He added the rear differential is designed for high torque and the rear axle is created specifically for a Class 5 or 6 vehicle. “It’s a weight penalty, but it’s robust,” he said.

The company launched its GreenPower truck body built for EVs. “We understand how to fit bodies properly to EVs, where weight needs to be saved.”

Riley admitted business in the sector can be lumpy with waves and troughs. “Customers buy vehicles, try them out and buy a bunch more hopefully if things work out. You have to be prepared for that.”

GreenPower is big on driver comfort. “Remember, drivers normally don’t buy the vehicle, they just drive it for a job. I want to make sure they’re comfortable,” Riley said.

The company has also built scan codes into the screen to provide information to drivers and technicians. Cumulative discharge, battery voltage, motor status, current speed, and more are available.

“Any troubleshooting you need is there. The telematics system can be accessed from a panel in the cab on the passenger side. The system is hooked onto the cloud, accessed with a web-based application, providing vehicle location and status,” he said.

“This is not about shoehorning in old legacy technology into electrification. This truck space is unsexy, strictly vocational.”

Bollinger Motors

Bollinger’s B4 was a pleasure to drive. If not for being seated high in the cab and the box behind, it almost felt like a big car. Tight city turns were not a problem and instant acceleration must have prevented muted sighs from four-wheeler drivers behind.

Two battery packs provide 158 kWh, offering 185 miles (296 km) of range and can be charged with AC and DC power. The rear-wheel drive vehicle has a payload of 7,325 lb.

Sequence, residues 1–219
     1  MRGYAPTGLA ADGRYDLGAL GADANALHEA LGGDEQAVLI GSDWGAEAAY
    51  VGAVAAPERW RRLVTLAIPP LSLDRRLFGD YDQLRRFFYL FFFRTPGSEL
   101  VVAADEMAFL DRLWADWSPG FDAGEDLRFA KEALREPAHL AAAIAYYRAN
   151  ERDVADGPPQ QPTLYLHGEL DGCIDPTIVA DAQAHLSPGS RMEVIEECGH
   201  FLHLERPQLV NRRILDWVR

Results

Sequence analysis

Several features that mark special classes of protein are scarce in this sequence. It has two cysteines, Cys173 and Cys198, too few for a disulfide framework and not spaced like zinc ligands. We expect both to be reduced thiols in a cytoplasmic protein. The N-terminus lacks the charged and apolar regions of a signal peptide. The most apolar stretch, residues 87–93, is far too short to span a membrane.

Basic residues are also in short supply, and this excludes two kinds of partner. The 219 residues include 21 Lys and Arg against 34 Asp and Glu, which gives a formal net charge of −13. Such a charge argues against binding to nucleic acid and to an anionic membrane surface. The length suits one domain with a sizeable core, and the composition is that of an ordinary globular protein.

Picture of Bollinger Motors truck
Bollinger Motor’s B4 (Photo: Leo Barros)

Jim Connelly, chief revenue officer, Bollinger Motors, said fleets’ biggest pain point is hesitancy on where to go from an infrastructure perspective. “That pain point is causing a lot of them a little bit of a paralysis in their buying decisions.”

He said the sustainability project sometimes get pushed on a fleet manager who doesn’t quite know what to do with it. “Bollinger can help in that conversation and guide the individual,” Connelly said.  

He added that it will be a couple of years before fleet managers get on board. The lead time on utilities and when infrastructure is in place is another factor. And carriers must be knowledgeable about grants and incentives used to subsidize purchases.

Although he’s focused on the U.S. launch of the Class 5 B5 coming next year, Connelly said the company is capitalizing and plans to move up north into Canada.

REE Automotive

And then there is the Class 4 P7-C electric chassis cab designed around four REEcorner modules, offering all-wheel-drive and regenerative braking from all four corners. X-by-wire control ensures each corner is independent with redundancies for enhanced fail-operation design.  

Daniel Barel, REE Automotive’s CEO said, “This is a real 4×4!”

The P7-C looks like a luxury motor coach, with a low profile and plenty of glass in the cab. It is powered by a 400-V battery system offering a range of 150 miles (240 km), 6,000 lb. of payload and top speed of 75 mph (120 km/h).

REE Automotive truck picture
REE Automotive’s P7-C (Photo: Leo Barros)

Barel follows the complete non-compete philosophy. “We are not here to compete, but will allow others to use our tech to get them to electrify faster.”

And this vehicle has just completed its second winter test in northern Sweden. “We ran it in -35C,” Barel said. “We drove it on a frozen lake and because of the x-by-wire system, you simply cannot oversteer it while it was fully loaded. This is super important for safety, especially in Canada.”

He said he has seen a lot of demand from Canada and dealers will soon be delivering vehicles to Canadian customers.

Barel said efficiency is improved by using every bit of energy in the P7-C. “Since we have four motors, it also gives us four times the regeneration.”

Barel is focused on the Classes 3 to 5 segments and is keen to scale up properly. And he’s listening to customer feedback to improve his product.